I’m curious about the Balao Swizzle with the caraway…wondering if something could be done with an akvavit/oloroso combo instead, since I have akvavit and no loose caraway seeds. Sounds like a weekend project!

  6. Frederic

    I’d recommend two sherries for a home bar. A dry, pale, nuttier one like a dry oloroso or amontillado, and a sweeter one like Lustau’s East India Solera (which is half dry oloroso and half Pedro Ximénez). If you like it really sweet, a pure Pedro Ximénez would be the one to chose.

    As for recipe interpretation, it’s often a dry sherry but not always. With darker spirits like rye that you would associate with Italian vermouth rather than French vermouth, chose the sweeter styles of sherry, especially since whiskeys and the like would drown out a lot of the subtleties of paler sherries.

  7. Jonathan

    So one of the first really good cocktails I ever made myself was a sherry cocktail — and it is one I still love. It is called an Artist’s Special – it comes from this random cocktail encyclopedia that I have and is supposed to have been the signature cocktail at the Artists’ Club in Paris during the 20s. Here goes:

    1 measure good blended Scotch
    1 measure sweet sherry (I use Lustau Pedro Jimenez)
    1/2 measure lemon juice
    1/2 measure grenadine

    Shake with ice and serve in a cocktail glass with a twist — don’t spray the oil it detracts.

    Hope people like it.

  8. ljclark

    Robmarais, I loooove the Barbara West. You must go to Coppa to have Corey make you the Balao Swizzle. Good point, Fred, although one can always argue in favor of something along the lines of a dry Manhattan. Jonathan, thanks for the wonderfully named recipe.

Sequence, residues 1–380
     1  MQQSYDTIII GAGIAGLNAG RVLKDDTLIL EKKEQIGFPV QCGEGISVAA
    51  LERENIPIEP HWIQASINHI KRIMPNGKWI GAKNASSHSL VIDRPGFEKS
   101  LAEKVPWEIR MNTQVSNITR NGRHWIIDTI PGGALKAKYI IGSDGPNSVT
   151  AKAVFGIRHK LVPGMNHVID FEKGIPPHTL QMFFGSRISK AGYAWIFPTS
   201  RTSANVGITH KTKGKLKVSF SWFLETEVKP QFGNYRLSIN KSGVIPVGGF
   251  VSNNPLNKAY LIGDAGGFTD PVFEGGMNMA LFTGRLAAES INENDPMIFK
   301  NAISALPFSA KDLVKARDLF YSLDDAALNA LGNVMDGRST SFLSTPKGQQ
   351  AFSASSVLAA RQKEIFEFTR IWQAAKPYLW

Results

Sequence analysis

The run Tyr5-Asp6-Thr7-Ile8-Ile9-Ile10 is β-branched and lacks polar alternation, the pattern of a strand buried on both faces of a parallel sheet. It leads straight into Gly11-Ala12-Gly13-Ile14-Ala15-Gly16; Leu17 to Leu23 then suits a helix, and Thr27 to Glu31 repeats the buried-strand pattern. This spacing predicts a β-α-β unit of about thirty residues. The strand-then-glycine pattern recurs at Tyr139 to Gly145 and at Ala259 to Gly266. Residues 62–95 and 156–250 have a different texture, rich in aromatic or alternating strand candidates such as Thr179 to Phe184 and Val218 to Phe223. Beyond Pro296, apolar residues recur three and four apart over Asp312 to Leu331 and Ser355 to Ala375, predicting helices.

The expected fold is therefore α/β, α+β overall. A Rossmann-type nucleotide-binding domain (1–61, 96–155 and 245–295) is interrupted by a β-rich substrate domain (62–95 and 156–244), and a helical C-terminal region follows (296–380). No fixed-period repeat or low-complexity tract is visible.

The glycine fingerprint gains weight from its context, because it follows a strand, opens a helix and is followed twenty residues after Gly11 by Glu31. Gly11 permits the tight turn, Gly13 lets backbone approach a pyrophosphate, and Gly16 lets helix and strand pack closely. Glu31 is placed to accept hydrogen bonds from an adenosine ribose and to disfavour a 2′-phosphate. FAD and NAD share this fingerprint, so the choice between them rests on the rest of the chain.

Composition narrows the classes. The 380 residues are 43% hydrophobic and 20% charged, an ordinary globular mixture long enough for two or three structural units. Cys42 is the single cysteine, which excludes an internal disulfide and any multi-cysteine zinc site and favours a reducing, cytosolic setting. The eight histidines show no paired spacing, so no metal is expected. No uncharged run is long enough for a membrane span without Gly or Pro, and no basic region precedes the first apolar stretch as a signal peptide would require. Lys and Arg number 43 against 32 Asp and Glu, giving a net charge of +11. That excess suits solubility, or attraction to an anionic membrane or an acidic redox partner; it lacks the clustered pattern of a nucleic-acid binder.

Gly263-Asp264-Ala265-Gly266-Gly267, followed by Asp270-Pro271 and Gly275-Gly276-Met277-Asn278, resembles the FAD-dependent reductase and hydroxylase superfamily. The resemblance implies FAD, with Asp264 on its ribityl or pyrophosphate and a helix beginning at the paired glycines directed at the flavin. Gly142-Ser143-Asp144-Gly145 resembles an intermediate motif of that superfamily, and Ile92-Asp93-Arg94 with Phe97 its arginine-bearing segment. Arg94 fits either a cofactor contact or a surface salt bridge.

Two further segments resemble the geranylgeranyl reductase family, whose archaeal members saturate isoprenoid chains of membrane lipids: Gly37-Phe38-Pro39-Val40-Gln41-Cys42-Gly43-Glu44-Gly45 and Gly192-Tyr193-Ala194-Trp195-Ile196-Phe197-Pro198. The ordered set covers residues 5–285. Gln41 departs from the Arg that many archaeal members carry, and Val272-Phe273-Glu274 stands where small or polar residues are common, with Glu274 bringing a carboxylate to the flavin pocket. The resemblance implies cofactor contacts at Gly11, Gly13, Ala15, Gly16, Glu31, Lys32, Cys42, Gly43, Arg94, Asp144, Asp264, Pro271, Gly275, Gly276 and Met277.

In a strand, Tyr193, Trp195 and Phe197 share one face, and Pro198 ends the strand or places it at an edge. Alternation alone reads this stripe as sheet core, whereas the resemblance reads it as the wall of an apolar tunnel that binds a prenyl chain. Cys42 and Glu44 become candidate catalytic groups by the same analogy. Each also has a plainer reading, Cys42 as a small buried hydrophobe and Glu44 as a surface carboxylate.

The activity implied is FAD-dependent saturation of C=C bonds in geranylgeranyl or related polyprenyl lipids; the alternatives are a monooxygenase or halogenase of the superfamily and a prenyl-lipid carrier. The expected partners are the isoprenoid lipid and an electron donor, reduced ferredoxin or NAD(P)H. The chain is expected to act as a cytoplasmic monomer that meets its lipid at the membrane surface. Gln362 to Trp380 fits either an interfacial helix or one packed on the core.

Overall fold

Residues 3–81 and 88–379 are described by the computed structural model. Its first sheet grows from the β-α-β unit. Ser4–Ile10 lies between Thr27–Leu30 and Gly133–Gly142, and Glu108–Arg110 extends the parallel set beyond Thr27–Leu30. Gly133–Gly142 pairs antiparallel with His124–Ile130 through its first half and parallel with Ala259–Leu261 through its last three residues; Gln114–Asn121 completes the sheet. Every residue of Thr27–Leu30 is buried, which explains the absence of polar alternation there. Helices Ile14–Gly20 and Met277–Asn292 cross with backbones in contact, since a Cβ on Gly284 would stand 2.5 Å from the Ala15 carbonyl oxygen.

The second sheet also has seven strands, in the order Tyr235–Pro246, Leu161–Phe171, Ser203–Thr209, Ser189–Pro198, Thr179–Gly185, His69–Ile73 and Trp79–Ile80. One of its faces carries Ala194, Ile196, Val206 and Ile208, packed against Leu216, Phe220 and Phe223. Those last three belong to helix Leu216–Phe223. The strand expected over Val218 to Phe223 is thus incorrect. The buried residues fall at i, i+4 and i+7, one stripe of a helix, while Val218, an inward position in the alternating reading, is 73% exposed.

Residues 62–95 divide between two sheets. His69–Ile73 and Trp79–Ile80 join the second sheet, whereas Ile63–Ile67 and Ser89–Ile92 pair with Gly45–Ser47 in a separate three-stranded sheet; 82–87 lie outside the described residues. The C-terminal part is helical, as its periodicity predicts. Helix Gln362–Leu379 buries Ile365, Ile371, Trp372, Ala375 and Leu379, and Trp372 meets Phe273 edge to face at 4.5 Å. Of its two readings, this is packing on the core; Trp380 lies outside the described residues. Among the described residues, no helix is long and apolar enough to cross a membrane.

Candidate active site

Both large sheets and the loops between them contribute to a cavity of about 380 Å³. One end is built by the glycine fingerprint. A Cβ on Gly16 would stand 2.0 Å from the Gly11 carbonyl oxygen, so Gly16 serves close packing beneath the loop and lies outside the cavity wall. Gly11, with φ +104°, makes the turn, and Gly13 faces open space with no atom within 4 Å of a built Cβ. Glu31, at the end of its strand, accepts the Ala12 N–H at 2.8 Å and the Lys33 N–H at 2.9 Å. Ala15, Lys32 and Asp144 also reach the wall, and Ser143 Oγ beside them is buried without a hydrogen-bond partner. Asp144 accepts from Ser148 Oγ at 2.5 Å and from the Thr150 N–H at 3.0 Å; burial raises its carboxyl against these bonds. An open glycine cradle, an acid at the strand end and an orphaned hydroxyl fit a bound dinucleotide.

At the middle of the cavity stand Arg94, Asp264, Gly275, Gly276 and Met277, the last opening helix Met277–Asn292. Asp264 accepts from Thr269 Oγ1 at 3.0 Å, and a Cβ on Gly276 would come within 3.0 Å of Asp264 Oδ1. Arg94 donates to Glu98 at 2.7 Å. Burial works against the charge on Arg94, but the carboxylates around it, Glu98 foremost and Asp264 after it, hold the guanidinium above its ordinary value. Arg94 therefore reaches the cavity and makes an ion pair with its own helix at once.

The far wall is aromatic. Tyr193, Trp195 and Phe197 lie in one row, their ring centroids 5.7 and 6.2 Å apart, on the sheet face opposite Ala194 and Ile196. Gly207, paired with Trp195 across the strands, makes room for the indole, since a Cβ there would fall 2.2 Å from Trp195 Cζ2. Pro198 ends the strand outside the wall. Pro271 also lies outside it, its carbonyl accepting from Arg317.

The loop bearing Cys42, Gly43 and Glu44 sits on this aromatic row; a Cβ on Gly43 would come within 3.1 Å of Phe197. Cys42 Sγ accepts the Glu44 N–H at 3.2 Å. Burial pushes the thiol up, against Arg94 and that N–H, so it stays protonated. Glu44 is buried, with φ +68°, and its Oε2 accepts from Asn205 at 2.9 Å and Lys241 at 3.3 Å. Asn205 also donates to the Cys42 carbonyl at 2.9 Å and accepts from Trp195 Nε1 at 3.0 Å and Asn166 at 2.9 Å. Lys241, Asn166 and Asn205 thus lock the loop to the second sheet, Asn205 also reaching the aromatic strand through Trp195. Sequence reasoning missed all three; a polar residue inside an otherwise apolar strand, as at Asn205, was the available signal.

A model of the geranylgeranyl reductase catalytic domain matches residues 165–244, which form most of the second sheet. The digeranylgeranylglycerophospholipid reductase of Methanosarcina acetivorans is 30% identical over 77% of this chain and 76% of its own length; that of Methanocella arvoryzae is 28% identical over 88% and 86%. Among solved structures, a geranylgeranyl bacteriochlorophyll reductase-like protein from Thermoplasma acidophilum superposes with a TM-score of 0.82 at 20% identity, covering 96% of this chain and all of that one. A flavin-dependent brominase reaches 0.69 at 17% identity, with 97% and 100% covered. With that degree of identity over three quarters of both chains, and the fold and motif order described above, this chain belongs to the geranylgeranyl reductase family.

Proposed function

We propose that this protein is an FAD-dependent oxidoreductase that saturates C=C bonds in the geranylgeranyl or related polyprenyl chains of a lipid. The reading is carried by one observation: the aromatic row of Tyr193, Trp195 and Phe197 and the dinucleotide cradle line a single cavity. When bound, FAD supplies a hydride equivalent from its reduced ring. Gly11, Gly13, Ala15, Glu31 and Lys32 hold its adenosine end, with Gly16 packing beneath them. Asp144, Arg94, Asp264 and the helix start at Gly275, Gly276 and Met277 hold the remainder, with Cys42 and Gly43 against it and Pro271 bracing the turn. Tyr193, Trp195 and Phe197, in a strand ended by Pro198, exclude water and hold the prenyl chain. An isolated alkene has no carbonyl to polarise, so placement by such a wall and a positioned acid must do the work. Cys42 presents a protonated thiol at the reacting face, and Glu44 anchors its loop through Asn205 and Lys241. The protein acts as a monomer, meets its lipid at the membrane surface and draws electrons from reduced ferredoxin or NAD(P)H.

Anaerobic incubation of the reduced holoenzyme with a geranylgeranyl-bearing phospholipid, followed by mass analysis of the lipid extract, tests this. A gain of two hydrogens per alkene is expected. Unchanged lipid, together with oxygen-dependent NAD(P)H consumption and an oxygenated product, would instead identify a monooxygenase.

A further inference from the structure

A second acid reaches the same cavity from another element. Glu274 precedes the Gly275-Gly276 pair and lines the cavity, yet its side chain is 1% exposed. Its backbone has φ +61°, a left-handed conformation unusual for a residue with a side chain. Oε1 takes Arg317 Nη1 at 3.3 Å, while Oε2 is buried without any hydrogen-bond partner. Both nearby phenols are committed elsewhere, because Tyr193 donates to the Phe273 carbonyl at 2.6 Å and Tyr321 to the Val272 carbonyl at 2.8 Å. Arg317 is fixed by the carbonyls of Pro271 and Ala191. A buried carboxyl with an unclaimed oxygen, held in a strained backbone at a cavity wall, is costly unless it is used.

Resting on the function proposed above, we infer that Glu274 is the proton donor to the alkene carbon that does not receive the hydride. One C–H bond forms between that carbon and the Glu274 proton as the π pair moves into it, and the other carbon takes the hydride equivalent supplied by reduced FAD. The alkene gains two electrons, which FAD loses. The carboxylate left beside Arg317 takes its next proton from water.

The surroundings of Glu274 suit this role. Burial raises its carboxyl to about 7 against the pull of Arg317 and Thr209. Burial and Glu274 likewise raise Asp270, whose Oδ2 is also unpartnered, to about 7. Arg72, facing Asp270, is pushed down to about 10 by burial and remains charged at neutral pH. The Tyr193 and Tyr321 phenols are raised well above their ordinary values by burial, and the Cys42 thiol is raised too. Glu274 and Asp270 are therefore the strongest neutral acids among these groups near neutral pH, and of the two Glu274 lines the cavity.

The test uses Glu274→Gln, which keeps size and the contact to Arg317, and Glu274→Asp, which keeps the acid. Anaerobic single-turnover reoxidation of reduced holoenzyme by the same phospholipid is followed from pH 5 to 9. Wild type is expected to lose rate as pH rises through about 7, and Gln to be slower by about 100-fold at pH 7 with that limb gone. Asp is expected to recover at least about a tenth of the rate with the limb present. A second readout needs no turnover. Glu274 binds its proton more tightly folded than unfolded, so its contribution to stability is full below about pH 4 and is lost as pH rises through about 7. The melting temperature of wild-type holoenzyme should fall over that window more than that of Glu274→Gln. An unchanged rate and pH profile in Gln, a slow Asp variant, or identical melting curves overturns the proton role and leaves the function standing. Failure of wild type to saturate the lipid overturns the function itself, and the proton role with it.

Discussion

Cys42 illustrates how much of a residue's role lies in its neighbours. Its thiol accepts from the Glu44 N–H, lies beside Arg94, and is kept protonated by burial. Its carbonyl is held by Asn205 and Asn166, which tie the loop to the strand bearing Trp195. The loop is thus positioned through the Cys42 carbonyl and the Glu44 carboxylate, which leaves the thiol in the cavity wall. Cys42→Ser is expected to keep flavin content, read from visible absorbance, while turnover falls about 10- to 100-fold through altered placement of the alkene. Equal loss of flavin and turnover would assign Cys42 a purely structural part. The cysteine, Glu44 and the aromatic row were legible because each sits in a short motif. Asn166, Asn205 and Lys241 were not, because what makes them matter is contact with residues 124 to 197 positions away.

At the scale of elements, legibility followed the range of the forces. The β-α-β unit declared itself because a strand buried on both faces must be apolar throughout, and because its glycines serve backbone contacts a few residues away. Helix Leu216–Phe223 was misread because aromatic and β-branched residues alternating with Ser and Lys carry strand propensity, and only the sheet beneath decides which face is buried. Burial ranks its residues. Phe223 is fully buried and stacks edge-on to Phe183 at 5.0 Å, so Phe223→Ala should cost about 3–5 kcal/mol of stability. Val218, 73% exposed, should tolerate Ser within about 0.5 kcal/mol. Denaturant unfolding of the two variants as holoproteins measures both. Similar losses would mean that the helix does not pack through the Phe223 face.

9. stephen

    i used to make the “artist’s special” a lot, but with glen fiddich and harvey’s orange aromatized sherry which is only slightly sweet. because the lemon juice sits in as a minor acid… i stir. delicious.

    another great sherry drink is the SanRu:

    1 oz. dry sherry
    1 oz. dubbonet rouge
    1 oz. gin
    half bar spoonful of cheery heering
    dash orange bitters

    very dry, very sophisticated. delicious if you need an aperitif.


  10. MC Slim JB

    Cool article, once again!

    I think the most serious straight sherry purveyor in town might be Taberna de Haro, which for years has offered a sherry/tapas pairing menu that you could only order standing at their little bar.

    I keep finos and manzanillas around for aperitifs and a bottle of Pedro Ximénez for drizzling on vanilla ice cream (a trick taught to me in Seville). Can’t remember where in Boston we were first served Alvear Solea Cream Sherry, but we love that for afters and always keep that around now.

    Can’t say I’ve tried many sherry cocktails beyond the odd Manhattan variant with sherry subbing for sweet vermouth, and Green Street’s Barbara West. I’m looking forward to mixing up Misty’s Dunaway at home!

  11. Arnold

    For anyone traveling San Francisco, the restaurant NOPA has had several sherry-based cocktails on their menu since October:

    The Puro was delightfully smoky (hence the name)–quite the achievement without the addition of any Islay scotch.

    The Salem’s Lot is quite nice as well, for those amaro fans.

    For those home enthusiasts, the 606 and White Manhattan were quite nice. If your planning a visit out that way, the food ain’t bad as well…

  12. eas

    Charles made me his Bread & Wine on Friday night – it’s truly spectacular. Yes, try that at home. And go visit Charles and Tim at Drawing Room!!!!

    And is the use of Port in mixed drinks not far behind?

  13. ljclark

    Great stuff, stephen, Slim, Arnold and eas. Hope to get to the Drawing Room, and back to SFO, soon. Safe prediction on port, eas.

  14. Delavaez

    If you like sherry and are in San Francisco you have to stop in Gitane. They have over 23 bottles by the glass and will gladly make you a drink with any style you choose. I highly suggest the palo cortado wellington neat or in a mixed drink.

  15. ljclark

    Oooh, excellent advice. Thanks!